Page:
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The Meditator’s Guide to a Distraction-Free Practice

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Meditation is a fantastic way to improve focus and concentration throughout the day. But what if you can’t focus while you’re meditating? Then consider yourself normal. “The mind was built to be distractible,” says Amishi Jha, PhD, a professor of psychology at the University of Miami and author of Peak Mind: Find Your Focus, Own Your Attention, Invest 12 Minutes a Day. “We mind wander about 35 to 50 percent of our waking moments.”

Racing thoughts, however, aren’t the only interruptions that can impinge upon your daily practice. Whether it’s noisy neighbors, stomach gurgles, itchy skin, or blaring horns outside your window, distractions are everywhere.

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If you’re seeking a more peaceful and effective practice, these 5 expert tips can help calm the internal—and external—noise.

Time it right. A few quiet minutes of morning meditation are a great way to ground yourself before a busy day. But morning isn’t the ideal time for everyone. “For some people, meditating in the morning will create many distractions because they’re busy thinking about everything they need to accomplish during the day ahead,” says Jonathan Lehmann, a meditation instructor with Insight Timer and creator of The Happiness Cheatsheets. If that sounds familiar, consider meditating after you’ve checked off a few boxes on your to-do list or perhaps in the afternoon or evening.  

Pre prep. Creating a calm, serene space can go a long way toward minimizing distractions. “If you live with other people, let them know that you’ll be taking some time to meditate and that you’ll be unavailable for a while,” advises Lehmann. You may also want to dress for the occasion by wearing comfy clothes. Then, take a minute to set your thermostat so that it’s not too hot or too cold. If digestive sensations or sounds are an issue, consider meditating on an empty stomach or before drinking digestion-stimulating coffee or tea.

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Find the right position. You might have heard that the best way to practice is sitting cross-legged on the floor. Not if it’s torture for your back or knees. “The ideal position is one where you’re both alert and relaxed, so it helps to be upright,” says Lehmann. “But you also don’t want to be too stiff, so finding the right cushion or using a meditation bench can help.”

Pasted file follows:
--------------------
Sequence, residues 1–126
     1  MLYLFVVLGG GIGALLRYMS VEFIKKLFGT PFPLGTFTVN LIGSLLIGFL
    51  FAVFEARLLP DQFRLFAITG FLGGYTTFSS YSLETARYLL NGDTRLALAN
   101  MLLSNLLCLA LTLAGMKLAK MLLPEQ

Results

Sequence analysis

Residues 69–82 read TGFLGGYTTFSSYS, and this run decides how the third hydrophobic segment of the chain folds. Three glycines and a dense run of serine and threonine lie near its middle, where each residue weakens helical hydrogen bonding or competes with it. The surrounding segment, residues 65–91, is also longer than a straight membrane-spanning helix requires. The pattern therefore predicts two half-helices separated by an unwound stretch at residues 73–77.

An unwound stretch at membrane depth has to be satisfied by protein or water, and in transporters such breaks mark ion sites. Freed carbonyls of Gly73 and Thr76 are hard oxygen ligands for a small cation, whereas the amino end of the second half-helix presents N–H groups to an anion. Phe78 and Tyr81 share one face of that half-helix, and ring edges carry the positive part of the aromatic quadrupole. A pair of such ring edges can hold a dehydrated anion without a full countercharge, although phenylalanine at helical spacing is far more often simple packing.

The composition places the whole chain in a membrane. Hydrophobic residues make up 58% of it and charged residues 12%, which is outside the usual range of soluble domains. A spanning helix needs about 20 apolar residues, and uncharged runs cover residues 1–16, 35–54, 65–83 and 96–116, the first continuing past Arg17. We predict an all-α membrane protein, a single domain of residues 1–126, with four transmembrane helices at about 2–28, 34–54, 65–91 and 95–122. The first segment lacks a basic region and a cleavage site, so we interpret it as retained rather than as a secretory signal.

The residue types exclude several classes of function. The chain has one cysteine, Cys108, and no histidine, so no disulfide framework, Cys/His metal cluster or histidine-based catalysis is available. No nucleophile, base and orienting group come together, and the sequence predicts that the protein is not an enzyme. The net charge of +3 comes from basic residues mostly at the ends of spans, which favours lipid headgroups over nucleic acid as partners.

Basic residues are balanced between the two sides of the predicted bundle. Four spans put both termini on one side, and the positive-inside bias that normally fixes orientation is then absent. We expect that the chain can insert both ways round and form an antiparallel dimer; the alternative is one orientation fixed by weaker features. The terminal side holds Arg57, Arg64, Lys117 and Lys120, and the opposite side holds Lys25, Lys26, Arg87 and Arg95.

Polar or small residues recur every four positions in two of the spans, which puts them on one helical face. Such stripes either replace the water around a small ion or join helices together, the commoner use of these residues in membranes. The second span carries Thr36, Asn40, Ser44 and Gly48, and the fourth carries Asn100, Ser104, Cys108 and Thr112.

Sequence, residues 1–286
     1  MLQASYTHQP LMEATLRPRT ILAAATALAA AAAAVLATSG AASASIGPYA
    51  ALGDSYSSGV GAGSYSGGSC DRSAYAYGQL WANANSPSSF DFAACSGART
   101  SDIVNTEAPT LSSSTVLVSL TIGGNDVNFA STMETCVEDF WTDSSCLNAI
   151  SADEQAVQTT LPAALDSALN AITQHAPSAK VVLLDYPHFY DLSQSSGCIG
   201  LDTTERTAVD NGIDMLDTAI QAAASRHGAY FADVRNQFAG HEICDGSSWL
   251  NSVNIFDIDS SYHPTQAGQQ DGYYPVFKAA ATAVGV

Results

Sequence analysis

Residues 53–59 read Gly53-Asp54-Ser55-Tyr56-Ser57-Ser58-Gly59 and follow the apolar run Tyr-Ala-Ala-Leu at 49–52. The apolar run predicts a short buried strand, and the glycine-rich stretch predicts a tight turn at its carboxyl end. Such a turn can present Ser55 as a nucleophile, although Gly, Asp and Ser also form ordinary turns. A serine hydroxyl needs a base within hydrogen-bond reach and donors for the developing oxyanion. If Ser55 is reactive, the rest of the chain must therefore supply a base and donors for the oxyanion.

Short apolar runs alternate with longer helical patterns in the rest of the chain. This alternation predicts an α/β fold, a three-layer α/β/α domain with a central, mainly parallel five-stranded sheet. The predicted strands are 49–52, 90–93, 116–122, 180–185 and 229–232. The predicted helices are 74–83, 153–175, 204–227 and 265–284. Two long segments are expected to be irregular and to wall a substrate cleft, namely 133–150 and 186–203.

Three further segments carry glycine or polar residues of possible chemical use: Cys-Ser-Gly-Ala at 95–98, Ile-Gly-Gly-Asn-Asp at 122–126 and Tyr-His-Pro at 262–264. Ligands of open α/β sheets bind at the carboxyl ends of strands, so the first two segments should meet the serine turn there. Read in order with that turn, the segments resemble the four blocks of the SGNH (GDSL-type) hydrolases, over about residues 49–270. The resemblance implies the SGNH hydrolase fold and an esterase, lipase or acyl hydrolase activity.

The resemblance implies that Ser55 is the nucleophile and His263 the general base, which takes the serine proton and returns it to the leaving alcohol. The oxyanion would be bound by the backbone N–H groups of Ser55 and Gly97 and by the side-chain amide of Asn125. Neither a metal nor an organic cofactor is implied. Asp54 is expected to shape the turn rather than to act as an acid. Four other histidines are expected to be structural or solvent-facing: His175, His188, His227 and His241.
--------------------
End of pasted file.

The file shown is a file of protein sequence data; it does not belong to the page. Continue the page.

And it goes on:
Be mindful. “It’s natural to want to push distracting thoughts out of your head but attempting to fight or ignore distractions is unlikely to be fruitful,” says Jha. “And it’s not part of mindfulness meditation, which aims to cultivate attention to the present moment experience without elaborating or reacting.” Instead of seeking to banish intrusive thoughts, briefly acknowledge the interruption and then redirect your focus back to your practice.

Enlist an anchor. An anchor is a point of focus where you can direct your attention. For example, the sensation of your breath flowing in and out of your nose, the movement of your belly when you inhale and exhale, or the sound of a flickering candle. Next time you can’t stop thinking about that big deadline or how you have to pick up the kids from school in 20 minutes, don’t stress about it. Simply bring your attention back to your anchor, says Lehmann.

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Finally, try to think about distractions from a fresh perspective. “Distractions are part of the exercise,” says Lehmann. “The whole process of meditation is to observe these thoughts without letting our attention get caught up in them.” 

Jha agrees. “When you notice that your mind is wandering, see it as a win instead of a failure,” she says. “You’ll never be able to get back on track if you don’t know when you’re off track.”

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